Wednesday, May 21, 2014

McCormick chef shares secrets of healthful kids’ meals

According to Gary Patterson, executive chef/culinary for McCormick & Company, developing tasty, healthful kids’ meals takes as much work and creativity as preparing fine-dining dishes. “They've got to be appealing and have flavor,” he says.

Patterson recently oversaw the food preparation for the National Restaurant Association’s second annual Kids LiveWell Recipe Challenge, of which McCormick is a founding partner. He said he was impressed with not only the sophistication of this year’s recipes, but also the more mature palates of the young children judging the contest. He talked about the importance of the competition and the future of kids’ meals at restaurants.

Why is it important for restaurateurs to offer more healthful meals for kids? Consumer demand for more healthful meals is a trend that’s maturing. We've all known for some time that we've needed to eat healthfully, and right now more people than ever before are aware of what they’re putting into their bodies and the way they eat.

What should restaurateurs understand about child nutrition and creating healthful kids’ meals? It’s more than just creating a recipe that looks nutritiously sound. The food has to be appealing. The children or young adults need to feel that the food has flavor, that it’s not just something that’s ‘good for them.’

How do you do that? You have to work as hard as any chef working on an international recipe. When you focus on children, you have to understand what it is that kids enjoy eating. Sometimes it’s about stealth health. For example, think about using spaghetti squash in a dish that may normally have pasta in it. Maybe you can add it in with the pasta and keep your traditional sauce. It’s really a little bit of everything; there’s no straight line to the target.

Do you think chefs and restaurants are succeeding? Absolutely. Ten or 15 years ago, if you had healthier items on the menu, it was a real challenge to keep them in the menu mix. Parents were so drilled into giving their kids what they wanted: fried chicken nuggets and French fries or a burger. And all of those are fine in moderation, but at the end of the day, you have to get parents eating healthfully and help them teach their children, too. It’s great that when they go out to eat now, there are all of these menu selections to point to, instead of having them go the easy route and get the meal that comes with some toy.

Do you think kids are more sophisticated now about what they want to eat? How do you appeal to that, and what makes a successful kids’ meal? That’s a double-edged question, because when you talk about children’s appetites and how what they will eat is changing, it really depends on the sophistication of the parents. I’m not a psychologist, but if parents are willing to try and eat new things and are always open, the children are going to do the same thing. I think it’s about every restaurant at every level having opportunities to present healthful options for children. That way, it’s not just the high end, fine-dining restaurants; it’s quickservice, counter service — those kinds of restaurants, too. All of them need to reach and strive for the same thing.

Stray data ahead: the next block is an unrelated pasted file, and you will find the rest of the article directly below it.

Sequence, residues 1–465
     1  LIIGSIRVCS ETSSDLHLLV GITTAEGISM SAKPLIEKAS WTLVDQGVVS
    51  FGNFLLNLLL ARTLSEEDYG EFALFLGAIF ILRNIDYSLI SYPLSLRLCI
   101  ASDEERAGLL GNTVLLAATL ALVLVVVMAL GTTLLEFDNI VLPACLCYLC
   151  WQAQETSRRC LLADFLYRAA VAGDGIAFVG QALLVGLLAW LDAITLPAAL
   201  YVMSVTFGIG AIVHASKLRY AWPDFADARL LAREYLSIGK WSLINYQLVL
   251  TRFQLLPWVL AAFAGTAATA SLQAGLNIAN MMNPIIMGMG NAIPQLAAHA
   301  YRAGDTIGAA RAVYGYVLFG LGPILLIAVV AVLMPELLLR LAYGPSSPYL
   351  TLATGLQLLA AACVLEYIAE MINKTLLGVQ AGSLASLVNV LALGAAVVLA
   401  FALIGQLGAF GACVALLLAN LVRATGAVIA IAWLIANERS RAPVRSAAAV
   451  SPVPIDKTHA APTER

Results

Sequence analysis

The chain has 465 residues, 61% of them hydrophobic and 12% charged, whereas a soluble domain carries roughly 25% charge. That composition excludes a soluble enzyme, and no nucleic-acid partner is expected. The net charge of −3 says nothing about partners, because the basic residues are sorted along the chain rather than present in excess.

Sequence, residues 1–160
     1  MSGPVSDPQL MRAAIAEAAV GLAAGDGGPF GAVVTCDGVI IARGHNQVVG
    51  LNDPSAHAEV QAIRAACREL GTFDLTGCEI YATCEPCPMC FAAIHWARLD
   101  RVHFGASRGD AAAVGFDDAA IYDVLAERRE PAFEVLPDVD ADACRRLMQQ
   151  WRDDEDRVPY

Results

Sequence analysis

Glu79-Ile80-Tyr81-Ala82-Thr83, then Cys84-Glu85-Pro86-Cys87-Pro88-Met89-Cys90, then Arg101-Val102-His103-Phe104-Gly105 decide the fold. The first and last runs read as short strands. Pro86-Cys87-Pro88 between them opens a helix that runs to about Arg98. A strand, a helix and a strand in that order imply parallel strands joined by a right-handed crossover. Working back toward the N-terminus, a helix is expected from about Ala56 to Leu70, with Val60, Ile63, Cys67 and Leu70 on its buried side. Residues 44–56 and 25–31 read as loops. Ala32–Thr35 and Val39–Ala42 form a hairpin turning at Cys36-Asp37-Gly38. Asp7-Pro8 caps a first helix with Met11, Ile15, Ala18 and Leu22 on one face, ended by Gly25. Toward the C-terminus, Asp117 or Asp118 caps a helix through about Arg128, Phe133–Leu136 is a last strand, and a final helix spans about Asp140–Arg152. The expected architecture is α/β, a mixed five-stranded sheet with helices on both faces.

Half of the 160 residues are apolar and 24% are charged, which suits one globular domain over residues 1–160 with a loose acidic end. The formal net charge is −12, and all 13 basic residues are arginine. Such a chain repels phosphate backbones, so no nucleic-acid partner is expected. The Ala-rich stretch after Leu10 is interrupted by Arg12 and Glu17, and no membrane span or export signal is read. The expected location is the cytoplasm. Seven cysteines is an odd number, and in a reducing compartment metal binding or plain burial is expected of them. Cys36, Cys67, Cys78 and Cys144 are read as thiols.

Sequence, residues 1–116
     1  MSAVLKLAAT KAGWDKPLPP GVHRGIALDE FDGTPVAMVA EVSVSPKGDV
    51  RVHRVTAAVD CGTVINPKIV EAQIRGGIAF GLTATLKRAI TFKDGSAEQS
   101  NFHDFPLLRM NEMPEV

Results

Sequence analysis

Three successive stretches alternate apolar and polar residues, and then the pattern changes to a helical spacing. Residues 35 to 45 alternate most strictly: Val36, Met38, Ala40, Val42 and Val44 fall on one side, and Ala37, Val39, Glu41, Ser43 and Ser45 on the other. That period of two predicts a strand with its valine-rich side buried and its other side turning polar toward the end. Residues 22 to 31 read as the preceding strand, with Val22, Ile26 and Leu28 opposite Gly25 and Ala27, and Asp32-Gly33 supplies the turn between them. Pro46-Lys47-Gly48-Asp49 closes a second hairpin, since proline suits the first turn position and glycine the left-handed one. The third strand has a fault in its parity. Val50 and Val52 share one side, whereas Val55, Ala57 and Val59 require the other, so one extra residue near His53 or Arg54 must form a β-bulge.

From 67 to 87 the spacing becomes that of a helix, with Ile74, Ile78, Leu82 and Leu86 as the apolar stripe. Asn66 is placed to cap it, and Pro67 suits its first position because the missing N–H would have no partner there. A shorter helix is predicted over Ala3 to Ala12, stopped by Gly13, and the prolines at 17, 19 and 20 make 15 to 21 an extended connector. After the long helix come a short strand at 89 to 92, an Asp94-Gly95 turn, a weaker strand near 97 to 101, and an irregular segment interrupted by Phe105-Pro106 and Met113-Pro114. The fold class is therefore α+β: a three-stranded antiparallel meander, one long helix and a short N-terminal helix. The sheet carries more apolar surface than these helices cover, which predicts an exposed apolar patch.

Is the Kids LiveWell Recipe Challenge a good idea? Is it making strides? I think it is. I don’t know the exact number of entries we had last year, but I understand we had more this year. And these are top-of-the-line, large restaurant companies joining in — especially on the contract foodservice side. Those companies are really focused on this wholeheartedly and have really embraced it. They know that healthful eating is just going to become a part of the maturing of children’s and young adults’ appetites.

At the end of the day, what should chefs and restaurateurs seek to achieve? If we’re talking in general about offering healthier options, we should be thinking about moderation, understanding that flavor doesn't just come from fat and cream and salt. There are a lot of places it does come from: cooking techniques, caramelization, slow cooking and roasting. It also comes from cooking with herbs and spices. Looking in different places for all of those flavors, whether it’s from an acid or vinegar or lemon or lime juice, or just using herbs and spices, whether they’re fresh or dry, they’re all going to work in some way in a soup or salad or pasta dish.

The Kids LiveWell Recipe Challenge, held this year April 4-5 in Baltimore, showcases creative, healthful kids’ menu items at restaurants and foodservice operations. All of the recipes must meet the criteria of the NRA’s Kids LiveWell program as well as the USDA’s MyPlate nutrition guidelines.

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